Remembering Paul Broadnax
Boston lost a local jazz legend on August 1: the brilliant pianist & singer Paul Broadnax passed away at the age of 92. Paul had an elegantly swinging piano style, influenced by Ahmad Jamal and Nat King Cole among others.
He had the most beautiful touch on the piano. Once when I remarked about it to him he replied, “I don’t want to hurt the piano!” He never overplayed, even though he had the technique to do so. When I listened to Paul play a piano solo, every note was vital and perfectly placed; it was like a lesson in the history of jazz piano. He would improvise arrangements on the spot which sounded polished and rehearsed.
Paul had a great singing voice, too, in the vein of Joe Williams. The icing on the cake is he was such a kind-hearted, beautiful human being. That helped make him such a
dynamic performer. When Paul played, people listened. It wasn’t anything he did to try and make them listen; he was just being himself and I think the audience always seemed to understand they were witnessing something historic.
We have something in common, like myself, Paul Broadnax had a regular gig at The Mad Monkfish (formerly known as Thelonious Monkfish) for the last 3 years. His health was failing in June and he had to miss a performance. The news was grim as we learned Paul was in hospice care. To everyone’s surprise Paul’s health suddenly began to improve and he returned to Monkfish for what would be his final performance on July 14. A little more than two weeks later, he would we gone, but you wouldn’t know it by hearing him, even though he was seated in a wheelchair instead of at the piano bench he’d always used before.
The video Below is of the last set of Paul’s final performance at Monkfish. I invite you to watch it and share in the joy that was Paul Broadnax. All who knew him have been saying that once Paul is gone that’s it, he took an era of music with him and there will never be another musician like Paul Broadnax.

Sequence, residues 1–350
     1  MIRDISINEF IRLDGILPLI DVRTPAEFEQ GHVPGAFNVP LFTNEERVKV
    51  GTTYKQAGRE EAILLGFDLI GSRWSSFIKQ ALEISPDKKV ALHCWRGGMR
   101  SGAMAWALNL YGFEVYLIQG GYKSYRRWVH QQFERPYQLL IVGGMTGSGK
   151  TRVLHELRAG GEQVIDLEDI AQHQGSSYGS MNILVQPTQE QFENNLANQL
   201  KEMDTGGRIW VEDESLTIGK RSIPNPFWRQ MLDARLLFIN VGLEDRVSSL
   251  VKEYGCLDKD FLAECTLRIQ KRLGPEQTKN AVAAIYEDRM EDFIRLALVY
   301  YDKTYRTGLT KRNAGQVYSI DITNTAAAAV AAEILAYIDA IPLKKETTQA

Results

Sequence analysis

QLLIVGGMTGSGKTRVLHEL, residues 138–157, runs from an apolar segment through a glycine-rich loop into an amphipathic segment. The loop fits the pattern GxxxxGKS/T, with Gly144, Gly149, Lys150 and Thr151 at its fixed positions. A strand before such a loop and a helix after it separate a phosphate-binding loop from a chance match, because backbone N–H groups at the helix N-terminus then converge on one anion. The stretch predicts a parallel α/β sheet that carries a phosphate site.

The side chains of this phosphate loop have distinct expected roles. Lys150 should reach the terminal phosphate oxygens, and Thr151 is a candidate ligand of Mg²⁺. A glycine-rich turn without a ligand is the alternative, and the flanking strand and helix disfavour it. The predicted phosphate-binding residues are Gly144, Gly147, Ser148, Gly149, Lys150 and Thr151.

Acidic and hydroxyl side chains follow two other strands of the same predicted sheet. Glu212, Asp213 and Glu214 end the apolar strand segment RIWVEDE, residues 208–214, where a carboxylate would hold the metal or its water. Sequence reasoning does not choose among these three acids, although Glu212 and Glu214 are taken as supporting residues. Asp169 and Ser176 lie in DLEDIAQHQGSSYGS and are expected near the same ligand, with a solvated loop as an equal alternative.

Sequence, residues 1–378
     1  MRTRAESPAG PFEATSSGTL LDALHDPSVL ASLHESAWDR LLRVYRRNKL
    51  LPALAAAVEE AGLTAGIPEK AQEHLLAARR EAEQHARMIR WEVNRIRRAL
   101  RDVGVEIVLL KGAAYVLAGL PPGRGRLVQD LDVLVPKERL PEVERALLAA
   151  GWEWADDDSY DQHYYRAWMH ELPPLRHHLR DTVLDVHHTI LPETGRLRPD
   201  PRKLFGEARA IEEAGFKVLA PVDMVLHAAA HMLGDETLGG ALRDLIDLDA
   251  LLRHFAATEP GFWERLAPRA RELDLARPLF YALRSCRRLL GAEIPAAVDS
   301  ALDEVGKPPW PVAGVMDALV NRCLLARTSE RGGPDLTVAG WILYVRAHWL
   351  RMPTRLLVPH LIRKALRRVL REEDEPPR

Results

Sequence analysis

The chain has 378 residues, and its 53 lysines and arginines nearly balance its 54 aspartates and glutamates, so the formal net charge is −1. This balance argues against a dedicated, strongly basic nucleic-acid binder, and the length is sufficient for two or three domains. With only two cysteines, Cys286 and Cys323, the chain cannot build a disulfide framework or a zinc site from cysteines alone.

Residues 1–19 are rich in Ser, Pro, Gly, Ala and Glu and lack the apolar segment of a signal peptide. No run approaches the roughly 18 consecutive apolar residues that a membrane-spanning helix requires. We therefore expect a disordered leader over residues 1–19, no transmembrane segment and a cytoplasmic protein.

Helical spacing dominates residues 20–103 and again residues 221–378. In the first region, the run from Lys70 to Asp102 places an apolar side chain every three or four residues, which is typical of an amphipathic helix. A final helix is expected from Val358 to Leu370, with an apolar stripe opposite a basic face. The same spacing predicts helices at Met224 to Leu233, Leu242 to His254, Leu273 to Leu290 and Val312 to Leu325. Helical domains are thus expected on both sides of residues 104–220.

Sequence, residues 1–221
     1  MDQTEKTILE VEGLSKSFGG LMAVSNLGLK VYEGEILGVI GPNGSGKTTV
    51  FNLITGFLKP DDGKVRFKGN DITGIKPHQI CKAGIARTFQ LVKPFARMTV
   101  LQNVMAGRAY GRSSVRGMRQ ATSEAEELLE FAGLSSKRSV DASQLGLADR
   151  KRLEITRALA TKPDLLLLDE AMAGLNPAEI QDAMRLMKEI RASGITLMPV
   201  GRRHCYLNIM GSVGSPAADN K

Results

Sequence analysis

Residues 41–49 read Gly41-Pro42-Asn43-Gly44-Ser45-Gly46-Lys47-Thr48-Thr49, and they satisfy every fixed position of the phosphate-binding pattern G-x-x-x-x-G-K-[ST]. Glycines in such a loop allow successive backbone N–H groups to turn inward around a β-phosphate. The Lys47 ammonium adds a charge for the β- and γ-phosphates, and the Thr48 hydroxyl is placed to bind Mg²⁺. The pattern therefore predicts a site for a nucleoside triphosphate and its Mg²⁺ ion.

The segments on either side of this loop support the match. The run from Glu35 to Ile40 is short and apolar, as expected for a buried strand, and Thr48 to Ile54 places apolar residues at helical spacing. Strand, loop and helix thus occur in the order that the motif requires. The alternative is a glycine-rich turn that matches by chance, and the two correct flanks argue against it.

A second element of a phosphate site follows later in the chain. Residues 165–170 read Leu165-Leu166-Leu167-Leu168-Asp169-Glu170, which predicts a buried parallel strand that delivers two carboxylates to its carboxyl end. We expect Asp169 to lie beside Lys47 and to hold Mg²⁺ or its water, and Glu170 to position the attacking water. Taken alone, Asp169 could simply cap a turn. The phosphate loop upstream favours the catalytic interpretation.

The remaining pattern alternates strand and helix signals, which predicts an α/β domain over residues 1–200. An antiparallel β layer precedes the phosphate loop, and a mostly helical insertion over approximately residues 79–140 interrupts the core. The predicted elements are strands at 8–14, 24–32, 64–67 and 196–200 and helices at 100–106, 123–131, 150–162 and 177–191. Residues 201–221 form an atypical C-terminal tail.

I’m so thankful not only that he existed but also that I was lucky enough to live in the same time to be a witness. It reinforces my belief that music is a universal language, and that we’ve only just begun to understand its function, worth, and healing properties in this world.
Paul’s friends and family are invited to attend the Celebration of Life Memorial on Saturday, September 1 at 11:00 a.m. at St. Paul’s AME Church, 37 Bishop Richard Allen Drive, Cambridge. It will be followed by a Jazz Celebration at St Paul’s Christian Life Center, 85 Bishop Richard Allen Drive, Cambridge at 1:00 p.m.
For more about Paul Broadnax:
- Paul Broadnax: Jazz Singer And Pianist Known For His Grace And Logevity (Boston Globe)
- Paul’s Obituary (Legacy.com)
The Paul Broadnax Trio’s final Monkfish performance. Paul closes with his
signature tune, “The Party’s Over,” for the final time.
Tribute to Paul Broadnax at Monkfish on August 11, featuring Paul’s
rhythm section of Peter Kontrimas on acoustic bass & Les Harris, Jr. on
drums. Lead by former Boston Pops pianist Brad Hatfield with guest
appearances by Tim Ray and Dominique Eade.